Yesterday I left the house armed with a ventilated mask and blue rubber gloves and two neon signs that I made with my daughter to march for Black lives and protest police brutality. It was my first time gathering with people outside my household since mid-March and there were a few thousand more than the ten of us now permitted to gather under Illinois’ phased reopening plan. The event was peaceful, family-friendly even, though I’d be lying if I said it didn’t feel dangerous to be gathered en masse while the coronavirus is still ravaging the country, if I didn’t admit that I wrestled with whether or not to go after abiding by the stay at home order so strictly for so long, that I figured I’d leave if there were too many people to remain socially distanced throughout.
I went because the fight for black lives is the first truly essential thing I’ve had to do since this started.
I stayed, even though it was immediately clear that I could not stay six feet clear in any direction, because every time I felt a jolt of fear–when somebody bumped up against me or cleared a throat after chanting–I knew that my fear was nothing compared to what Black people feel living under the threat of white supremacy on any given day in America, nothing to the constant fear Black moms carry every single day they have to send their kids out into a racist world.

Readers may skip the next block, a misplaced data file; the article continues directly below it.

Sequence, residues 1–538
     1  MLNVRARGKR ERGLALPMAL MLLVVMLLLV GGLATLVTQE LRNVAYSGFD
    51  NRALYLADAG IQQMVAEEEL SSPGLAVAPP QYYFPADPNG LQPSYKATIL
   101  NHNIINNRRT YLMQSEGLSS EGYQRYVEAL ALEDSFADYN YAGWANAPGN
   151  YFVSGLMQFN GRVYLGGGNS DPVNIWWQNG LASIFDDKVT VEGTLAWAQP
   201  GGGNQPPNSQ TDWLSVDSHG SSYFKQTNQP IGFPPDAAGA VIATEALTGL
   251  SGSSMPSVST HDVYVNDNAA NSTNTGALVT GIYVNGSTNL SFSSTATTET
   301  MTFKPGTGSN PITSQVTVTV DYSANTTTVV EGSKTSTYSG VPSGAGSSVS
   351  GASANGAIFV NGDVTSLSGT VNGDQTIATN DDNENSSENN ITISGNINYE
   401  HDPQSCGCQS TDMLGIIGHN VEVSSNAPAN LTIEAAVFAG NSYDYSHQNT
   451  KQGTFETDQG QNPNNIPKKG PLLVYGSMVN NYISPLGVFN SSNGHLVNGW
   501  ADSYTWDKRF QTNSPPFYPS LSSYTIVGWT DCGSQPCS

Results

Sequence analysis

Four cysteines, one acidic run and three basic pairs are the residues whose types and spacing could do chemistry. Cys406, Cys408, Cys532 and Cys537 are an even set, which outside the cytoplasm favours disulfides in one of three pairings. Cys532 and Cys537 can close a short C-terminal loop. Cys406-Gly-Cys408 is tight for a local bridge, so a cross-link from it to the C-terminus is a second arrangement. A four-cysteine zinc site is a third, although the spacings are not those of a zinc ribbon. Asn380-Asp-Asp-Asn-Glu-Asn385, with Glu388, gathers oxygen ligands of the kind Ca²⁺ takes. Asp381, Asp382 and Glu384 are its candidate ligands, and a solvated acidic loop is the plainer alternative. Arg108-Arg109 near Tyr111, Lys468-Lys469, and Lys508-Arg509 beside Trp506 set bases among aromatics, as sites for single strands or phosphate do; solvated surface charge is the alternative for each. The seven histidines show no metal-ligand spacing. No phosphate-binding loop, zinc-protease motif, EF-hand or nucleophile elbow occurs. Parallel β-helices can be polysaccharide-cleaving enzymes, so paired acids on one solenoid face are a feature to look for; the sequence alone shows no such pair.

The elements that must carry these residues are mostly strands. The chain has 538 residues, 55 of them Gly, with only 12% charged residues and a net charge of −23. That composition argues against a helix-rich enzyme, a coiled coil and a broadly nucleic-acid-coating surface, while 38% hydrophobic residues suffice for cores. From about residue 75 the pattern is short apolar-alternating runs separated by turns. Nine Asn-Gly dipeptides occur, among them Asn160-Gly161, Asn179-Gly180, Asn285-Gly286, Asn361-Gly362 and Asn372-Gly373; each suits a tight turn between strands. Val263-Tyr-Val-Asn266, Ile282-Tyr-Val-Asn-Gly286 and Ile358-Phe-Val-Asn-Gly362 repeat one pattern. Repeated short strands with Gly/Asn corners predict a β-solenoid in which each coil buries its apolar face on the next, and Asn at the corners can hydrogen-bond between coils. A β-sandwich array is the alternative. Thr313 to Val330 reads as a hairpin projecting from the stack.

I stayed because the odds are higher I have the virus today than yesterday, but the odds of my family’s survival are higher than the odds of my Black neighbors with or without the virus.
When I got home I stripped my mask off and scrubbed my hands and threw my clothes in the laundry. My scientist neighbor says coronavirus is easy to kill (“just some RNA, proteins, and lipids that fall apart in soapy water”), so I went back to my family confident I’d done all I could to keep them safe. Have I done everything I can to wash off the blood on my white hands, the racism baked into my beliefs, the after effects of breathing in and benefitting from white supremacy all my life? Have I done everything I can to keep my Black friends safe? My neighbors? My community? Not even close, but I’m going to do better.